“This is why most great men are never properly seen by their contemporaries. The veiling of divinity, by the flesh and the drives of the flesh, causes people to be blinded by the flesh, making hasty judgments of that which is divine. So great men have to be judged by history, not by their contemporaries.
“When our Beloved Brother, Martin Luther King was assassinated, and I looked at his funeral on television and began to weep, and I asked the Honorable Elijah Muhammad, why did I react like that, when we thought so differently from Dr. King? He said, “As long as the testator lives he is writing his testament.”
“The testator is the person who, every day of his life, is writing his testament. Life takes so many twists and turns that one can never fully know a person until death puts a period to the writing. He said, “Then the historians come and gather all of the bits and pieces of evidence of this person’s life and work. Then the historians assign this person his, or her, place in history.”
“So, in truth, one can never receive one’s reward while one is alive. Your true reward comes after death has put a period to your testament and others can now view your life, its work, its impact, starting with the gathering of as many of the facts as can be known. Those facts give the person who reads them and digests them, maybe a totally different view of the person, or the event, or the circumstance, than [from] the contemporary, who lived with that person was a part of that event, and was a part, or an observer of that circumstance, whose judgmental state of mind mis-judged.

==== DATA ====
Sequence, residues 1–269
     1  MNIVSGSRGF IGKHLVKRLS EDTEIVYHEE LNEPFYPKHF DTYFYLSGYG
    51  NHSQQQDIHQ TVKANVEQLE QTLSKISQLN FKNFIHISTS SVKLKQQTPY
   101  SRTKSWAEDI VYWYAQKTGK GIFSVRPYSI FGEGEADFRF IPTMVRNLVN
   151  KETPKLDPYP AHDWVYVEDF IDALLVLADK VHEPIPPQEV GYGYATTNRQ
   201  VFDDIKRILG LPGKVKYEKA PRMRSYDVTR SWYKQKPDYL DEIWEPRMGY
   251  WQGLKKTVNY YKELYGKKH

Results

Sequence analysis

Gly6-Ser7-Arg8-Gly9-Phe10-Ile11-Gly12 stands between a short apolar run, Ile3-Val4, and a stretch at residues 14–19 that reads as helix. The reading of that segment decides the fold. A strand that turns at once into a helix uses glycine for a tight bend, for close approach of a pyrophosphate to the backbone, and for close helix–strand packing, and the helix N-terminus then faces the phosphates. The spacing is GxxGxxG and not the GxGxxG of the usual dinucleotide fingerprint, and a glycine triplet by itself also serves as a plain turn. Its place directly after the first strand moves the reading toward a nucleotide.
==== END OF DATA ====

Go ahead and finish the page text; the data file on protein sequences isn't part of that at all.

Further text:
“So, in concluding my answer to that question, it would seem to me that none of us is truly capable of making a true judgment. And none of us is patient enough to wait for God to judge an event, a person and a circumstance. So history will always be correcting our judgments.”
Brother Jabril: Would you say that in a limited circumstance, we can make true judgments, but not the truest judgments?”
His answer, next issue, Allah willing.